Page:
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  8. Those are so festive! I love the way you decorate your home. I still need to get comfortable using my sewing machine. It's a Singer Featherweight from the 1950's. Your blog inspired me to learn to knit, so hopefully I will learn to sew, too. I love hand sewing, mending, and darning socks. Have been thinking about you because I just adopted three adorable hens. They are so sweet, and very petite. We were fixing up the chicken coop this afternoon...

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    1. I'm so pleased you have your three hens. I'm sure you'll love them and enjoy their eggs. xx

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  9. I love them, especially the blue cover. I have two lampshades that could use new covers. I'm going to follow your instructions and make lamp covers. Thank you Rhonda.

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  10. I was wondering what the difference was between a lampshade and a lamp skirt and now I know.
    Claire in Melbourne

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  11. What a great idea Rhonda. You have done a really nice job. Pauline

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  12. They both look beautiful Rhonda. The blue/grey and white one goes perfectly with your colour scheme.

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  13. What a really good and basic idea! The way you explained it, I think I can make that too :)

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  14. The old Singer straight stitch sewing machines are fantastic for beginners as not much can go wrong with them (that a bit of sewing machine oil and maybe a small adjustment or two can't fix). The manuals are usually online free. You can get the older machines pretty cheaply at thrift shops or boot sales/garage sales/eBay/etc. The older machines are sturdy, will sew through pretty much anything up to leather, and they last forever. I have an 1898 machine that is wonderful to quilt my quilts. Doing well for a 120 year old machine!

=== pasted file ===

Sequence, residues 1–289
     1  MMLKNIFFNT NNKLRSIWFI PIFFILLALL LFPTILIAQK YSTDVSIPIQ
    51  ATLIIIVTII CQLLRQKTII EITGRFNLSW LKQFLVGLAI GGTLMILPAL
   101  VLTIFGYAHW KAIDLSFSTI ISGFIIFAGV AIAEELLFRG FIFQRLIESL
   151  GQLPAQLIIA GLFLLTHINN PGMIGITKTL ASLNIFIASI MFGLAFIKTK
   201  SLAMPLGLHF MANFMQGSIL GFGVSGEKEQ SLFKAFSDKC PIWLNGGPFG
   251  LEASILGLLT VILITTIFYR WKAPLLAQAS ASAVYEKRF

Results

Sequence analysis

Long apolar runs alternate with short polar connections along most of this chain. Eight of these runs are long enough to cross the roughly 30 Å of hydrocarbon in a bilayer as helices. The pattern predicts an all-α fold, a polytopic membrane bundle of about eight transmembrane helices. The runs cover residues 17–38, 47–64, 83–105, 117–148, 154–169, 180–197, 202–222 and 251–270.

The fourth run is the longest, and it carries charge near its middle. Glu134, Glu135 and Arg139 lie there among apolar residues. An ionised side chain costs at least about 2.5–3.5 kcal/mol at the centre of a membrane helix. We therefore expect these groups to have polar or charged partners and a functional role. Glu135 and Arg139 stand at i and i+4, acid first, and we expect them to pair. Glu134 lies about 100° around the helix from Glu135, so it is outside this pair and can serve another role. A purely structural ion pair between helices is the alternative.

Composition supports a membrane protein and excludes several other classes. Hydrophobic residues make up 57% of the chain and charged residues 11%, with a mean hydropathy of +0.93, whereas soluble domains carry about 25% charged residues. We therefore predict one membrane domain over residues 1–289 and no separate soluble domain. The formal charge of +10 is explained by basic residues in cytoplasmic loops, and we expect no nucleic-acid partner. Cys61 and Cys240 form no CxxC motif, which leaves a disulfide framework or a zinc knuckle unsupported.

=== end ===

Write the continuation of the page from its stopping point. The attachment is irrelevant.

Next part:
Of course, the cheapest option is just needle and thread. It takes a bit longer, but is viable alternative for people with no machines. (After all, sewing machines have only been around since the 1800's) Just have patience, lightly mark where you want to sew, secure it with pins or clips, put on something gentle to listen to, and relax and enjoy the process. It's not a race. There are all kinds of YouTube videos to show different stitches and how to knot your thread.

    Being able to sew something for yourself, your family and/or your home is an immensely satisfying task. Very worthwhile on many levels, personal and practical. Start small and easy, then you will grow more confident with each successful completion.

    As always, thank you Rhonda. I look forward to your posts. Blessings to you and yours x

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  15. So clever! This is so simple and effective, Rhonda. Straight to my Homemade homewares pin board on pinterest.

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  16. Very nice! I love ball fringe anywhere. I have it on the bottoms of all my kitchen curtains.

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  17. What a great idea! I've been saving t-shirts, nasty little stains o the front. I'm cutting strips up to crochet into throw rugs. Thanks for sharing, Elaine

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  18. How charming! I love them, Rhonda!

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  19. These look terrific! And this looks like something I could do!

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  20. That is a fantastic idea--cute, but also so much more readily washable! Brilliant. The pom-poms make it extra fabulous!

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  21. Your two lampshades are looking so pretty. I will do this for a couple of lamps that I have, such a good idea! :)

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  22. Such a great idea! They’re beautiful

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  23. Your lamp skirts are lovely. I once made a new shade by taking the old damaged one off the frame...very carefully, and using it as a pattern on new fabric. I really enjoyed making the new shade and I can remake other shades for the lamp if the décor changes